Ceylan underlined that the idea of Islamic religious education was not simply to learn to interpret the Koran, but to "reflect on it critically." "It's about learning the skills to organize religious content, to analyze it, and to be able to compare religions, which is important when you live in a society that is multi-religious, and that has atheists and agnostics," he said. "The aims of religious lessons are meant as a complement to the general aims of the educational system."
Musa Bagrac, an Islamic studies teacher in Hamm, North Rhine-Westphalia, and chairman of the association of Islam studies teachers, which helps shape the religious curriculum in the state, argued that German Muslim students had a constitutional right to attend Islamic religious classes guided by religious associations, and that ethics classes were only intended for those who described themselves as non-religious. "Our association works from the German constitution, which protects religious studies as a subject in school," he said.
He was referring to Article 7 of Germany's Basic Law, which includes a paragraph that has created a lot of legal paperwork in recent decades: "Religious instruction shall form part of the regular curriculum in state schools, with the exception of non-denominational schools. Without prejudice to the state's right of supervision, religious instruction shall be given in accordance with the tenets of the religious community concerned," it reads.
'More religion? No way'
But one Berlin high school teacher, herself of atheist background, was skeptical of the whole idea of religious education. Her school, 95 percent of whose students are Muslim, offers only mandatory ethics classes, which cover religions as well as abstract philosophical concepts.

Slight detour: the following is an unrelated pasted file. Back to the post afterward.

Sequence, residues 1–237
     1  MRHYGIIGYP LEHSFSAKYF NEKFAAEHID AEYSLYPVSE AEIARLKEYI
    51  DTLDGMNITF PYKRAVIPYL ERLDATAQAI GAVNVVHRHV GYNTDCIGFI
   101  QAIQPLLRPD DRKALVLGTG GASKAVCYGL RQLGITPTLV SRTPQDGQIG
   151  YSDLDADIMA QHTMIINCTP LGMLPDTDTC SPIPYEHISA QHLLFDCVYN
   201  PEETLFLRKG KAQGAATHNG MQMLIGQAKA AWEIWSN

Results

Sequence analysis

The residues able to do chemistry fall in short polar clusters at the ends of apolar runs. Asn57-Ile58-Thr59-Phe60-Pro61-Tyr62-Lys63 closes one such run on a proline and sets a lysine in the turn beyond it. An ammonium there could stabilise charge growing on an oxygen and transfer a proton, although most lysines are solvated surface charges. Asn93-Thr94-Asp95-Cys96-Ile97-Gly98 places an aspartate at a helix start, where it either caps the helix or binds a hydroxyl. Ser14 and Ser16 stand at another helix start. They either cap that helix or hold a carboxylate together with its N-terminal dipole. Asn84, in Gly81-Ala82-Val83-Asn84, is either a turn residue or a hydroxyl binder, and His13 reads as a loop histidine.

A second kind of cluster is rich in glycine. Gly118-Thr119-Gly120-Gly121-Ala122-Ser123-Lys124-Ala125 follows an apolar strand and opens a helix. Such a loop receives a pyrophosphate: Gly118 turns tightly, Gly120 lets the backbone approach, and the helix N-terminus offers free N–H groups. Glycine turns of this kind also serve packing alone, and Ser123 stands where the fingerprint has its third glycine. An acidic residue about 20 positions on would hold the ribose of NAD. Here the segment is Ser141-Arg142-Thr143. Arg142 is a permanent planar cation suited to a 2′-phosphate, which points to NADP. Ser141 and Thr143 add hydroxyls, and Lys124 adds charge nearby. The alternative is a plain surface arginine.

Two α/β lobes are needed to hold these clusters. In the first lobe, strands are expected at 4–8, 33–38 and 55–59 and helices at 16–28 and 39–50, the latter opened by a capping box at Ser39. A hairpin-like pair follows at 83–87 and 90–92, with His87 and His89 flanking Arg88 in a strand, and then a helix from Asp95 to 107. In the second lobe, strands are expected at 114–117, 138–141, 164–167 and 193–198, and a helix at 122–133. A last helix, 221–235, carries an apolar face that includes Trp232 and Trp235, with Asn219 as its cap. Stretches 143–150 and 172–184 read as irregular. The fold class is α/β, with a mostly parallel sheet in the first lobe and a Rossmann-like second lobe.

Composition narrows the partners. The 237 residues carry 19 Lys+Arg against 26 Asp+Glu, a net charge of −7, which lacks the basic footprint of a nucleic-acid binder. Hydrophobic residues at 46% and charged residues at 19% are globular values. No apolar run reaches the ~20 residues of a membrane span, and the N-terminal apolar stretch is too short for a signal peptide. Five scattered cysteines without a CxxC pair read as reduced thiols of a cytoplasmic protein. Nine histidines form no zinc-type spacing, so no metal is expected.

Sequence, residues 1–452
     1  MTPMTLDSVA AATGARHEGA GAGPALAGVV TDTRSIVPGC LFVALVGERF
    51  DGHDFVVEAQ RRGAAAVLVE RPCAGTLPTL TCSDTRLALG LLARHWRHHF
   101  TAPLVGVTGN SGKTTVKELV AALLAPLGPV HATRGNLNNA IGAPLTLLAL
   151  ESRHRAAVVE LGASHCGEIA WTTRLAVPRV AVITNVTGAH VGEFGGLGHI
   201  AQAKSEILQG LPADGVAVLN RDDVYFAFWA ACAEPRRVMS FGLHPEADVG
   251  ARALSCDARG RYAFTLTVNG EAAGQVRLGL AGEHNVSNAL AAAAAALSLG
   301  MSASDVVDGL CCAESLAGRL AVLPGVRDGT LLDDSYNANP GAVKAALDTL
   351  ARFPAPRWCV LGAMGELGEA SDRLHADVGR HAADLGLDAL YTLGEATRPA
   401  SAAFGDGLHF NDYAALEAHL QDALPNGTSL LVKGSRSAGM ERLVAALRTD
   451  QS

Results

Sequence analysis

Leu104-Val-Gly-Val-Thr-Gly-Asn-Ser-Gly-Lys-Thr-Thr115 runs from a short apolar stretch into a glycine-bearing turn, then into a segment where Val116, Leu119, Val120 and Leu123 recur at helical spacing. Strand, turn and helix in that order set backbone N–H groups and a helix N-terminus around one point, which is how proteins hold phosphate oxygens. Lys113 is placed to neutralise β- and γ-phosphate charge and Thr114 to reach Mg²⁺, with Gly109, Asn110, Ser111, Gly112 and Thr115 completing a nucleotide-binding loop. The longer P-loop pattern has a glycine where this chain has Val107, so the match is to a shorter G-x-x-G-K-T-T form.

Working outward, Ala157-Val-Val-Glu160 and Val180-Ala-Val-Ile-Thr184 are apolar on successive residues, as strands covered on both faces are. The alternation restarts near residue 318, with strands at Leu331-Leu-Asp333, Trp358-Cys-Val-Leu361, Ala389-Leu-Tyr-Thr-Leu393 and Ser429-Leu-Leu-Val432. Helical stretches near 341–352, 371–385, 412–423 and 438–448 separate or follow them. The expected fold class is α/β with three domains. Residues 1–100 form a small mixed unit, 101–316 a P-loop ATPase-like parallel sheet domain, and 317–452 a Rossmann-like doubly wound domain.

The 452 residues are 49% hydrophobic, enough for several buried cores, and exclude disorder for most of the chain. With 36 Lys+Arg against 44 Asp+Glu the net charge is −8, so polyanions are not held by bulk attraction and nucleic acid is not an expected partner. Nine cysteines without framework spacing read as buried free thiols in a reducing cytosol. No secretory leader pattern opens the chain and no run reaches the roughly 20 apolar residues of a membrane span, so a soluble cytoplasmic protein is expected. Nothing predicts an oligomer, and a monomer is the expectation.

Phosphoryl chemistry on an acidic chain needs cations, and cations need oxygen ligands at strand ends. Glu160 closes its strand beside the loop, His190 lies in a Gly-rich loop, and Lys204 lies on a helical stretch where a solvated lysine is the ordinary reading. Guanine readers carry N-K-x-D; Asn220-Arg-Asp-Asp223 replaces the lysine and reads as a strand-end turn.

"If you asked my Muslim students they probably would say they would like Islamic lessons at school, but I would be like: No way! You go to mosque anyway — you don't need to have it at school as well," the teacher, who wanted to remain anonymous, told DW. "If they should have any lessons in that kind of thing, then probably for them it would be good to learn about the Christian culture."
"I think students should be informed about the major religions, where they come from, what their principles are, and maybe discuss something like abortion from these different viewpoints," she added. "But I think anything that is about how you practice that religion should be outside school. That's why we have the division of church and state."
But Bagrac argued that it was important that Muslim students were taught about their religion in German, rather than Arabic or Turkish, and "under state supervision." "That has side effects like helping to prevent radicalization and encouraging integration," Bagrac told DW. He said that his classes cover the history of Islam, and questions about friendship, prayer, speaking to God, what happens after death, what are religious commandments, and how to understand and counter extremism from a religious point of view.